James Campbell (Victorian politician)

From Wikipedia, the free encyclopedia
Jump to: navigation, search

James Campbell (1845 – 16 September 1893) was a politician in colonial Australia, member of the Victorian Legislative Council 1882 to 1886, and the Victorian Legislative Assembly 1892 until his death.[1]

Campbell was born in Millport, Cumbrae, Scotland.[1] and came to Victoria with his father, Mathew Campbell, in 1853.[2] Mathew Campbell founded an engineering business at Ballarat, amassed wealth, and left his family in good circumstances. The business came into James Campbell's hands in 1863, and he stuck to it with great success until 1878, when he retired in order to travel. He paid visits to Europe in 1870, 1873, and 1878, and had a grand tour through Asia in 1886.[2]

Campbell represented Wellington Province in the Council from November 1882 until resigning around May 1886. He was Postmaster-General of Victoria 10 April 1884 to 18 February 1886.[1]

Campbell's travels through India, China, and Japan, and his journey across Siberia and through the Holy Land, furnished material for a series of well-written articles from his pen, and for a number of very interesting lectures which he delivered in Ballarat and elsewhere after his return.[2]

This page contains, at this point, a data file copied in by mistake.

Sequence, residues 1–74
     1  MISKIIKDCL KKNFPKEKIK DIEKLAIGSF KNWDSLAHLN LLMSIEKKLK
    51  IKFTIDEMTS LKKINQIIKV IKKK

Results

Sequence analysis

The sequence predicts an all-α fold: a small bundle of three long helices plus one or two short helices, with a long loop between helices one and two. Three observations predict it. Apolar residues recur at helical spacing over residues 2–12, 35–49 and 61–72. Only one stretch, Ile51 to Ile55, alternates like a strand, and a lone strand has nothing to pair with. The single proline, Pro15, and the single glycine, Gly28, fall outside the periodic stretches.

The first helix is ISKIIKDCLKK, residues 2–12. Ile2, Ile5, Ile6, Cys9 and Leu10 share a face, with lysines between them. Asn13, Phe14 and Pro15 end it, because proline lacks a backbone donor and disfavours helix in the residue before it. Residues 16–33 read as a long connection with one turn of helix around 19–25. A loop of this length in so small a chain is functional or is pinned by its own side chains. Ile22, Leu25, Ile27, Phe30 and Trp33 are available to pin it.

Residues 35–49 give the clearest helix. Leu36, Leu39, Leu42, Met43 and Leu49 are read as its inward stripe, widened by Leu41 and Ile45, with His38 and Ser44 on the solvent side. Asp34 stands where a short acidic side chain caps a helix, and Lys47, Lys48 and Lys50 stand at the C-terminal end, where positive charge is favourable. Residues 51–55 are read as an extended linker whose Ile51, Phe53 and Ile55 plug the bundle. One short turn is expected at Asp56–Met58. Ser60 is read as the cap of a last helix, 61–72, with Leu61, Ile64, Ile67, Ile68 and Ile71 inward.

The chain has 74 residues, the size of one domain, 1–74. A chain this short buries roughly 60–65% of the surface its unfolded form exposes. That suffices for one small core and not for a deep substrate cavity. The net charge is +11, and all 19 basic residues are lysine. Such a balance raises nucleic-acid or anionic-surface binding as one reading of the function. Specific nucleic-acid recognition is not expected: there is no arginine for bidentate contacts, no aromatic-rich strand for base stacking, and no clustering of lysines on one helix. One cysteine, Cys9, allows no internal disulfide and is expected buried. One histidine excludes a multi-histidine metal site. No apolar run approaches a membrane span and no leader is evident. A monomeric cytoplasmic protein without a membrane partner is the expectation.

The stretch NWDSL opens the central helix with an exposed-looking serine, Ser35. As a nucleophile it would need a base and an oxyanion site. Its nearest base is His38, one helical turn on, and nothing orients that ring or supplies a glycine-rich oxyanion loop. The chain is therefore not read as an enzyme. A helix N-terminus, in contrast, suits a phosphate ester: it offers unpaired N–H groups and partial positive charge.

After attempting but failing to win the Electoral district of Brighton against Thomas Bent in 1889,[2] Campbell represented Benalla and Yarrawonga in the Assembly from May 1892 until his death on 16 September 1893.[1]

Campbell died of stomach cancer[2] in Elsternwick, Victoria and was buried in Brighton Cemetery.[1]


  1. ^ a b c d e "Campbell, James". re-member: a database of all Victorian MPs since 1851. Parliament of Victoria. 
  2. ^ a b c d e "Obituary.". The Australasian (1864 - 1946). Melbourne, Vic.: National Library of Australia. 23 September 1893. p. 36. Retrieved 25 August 2014.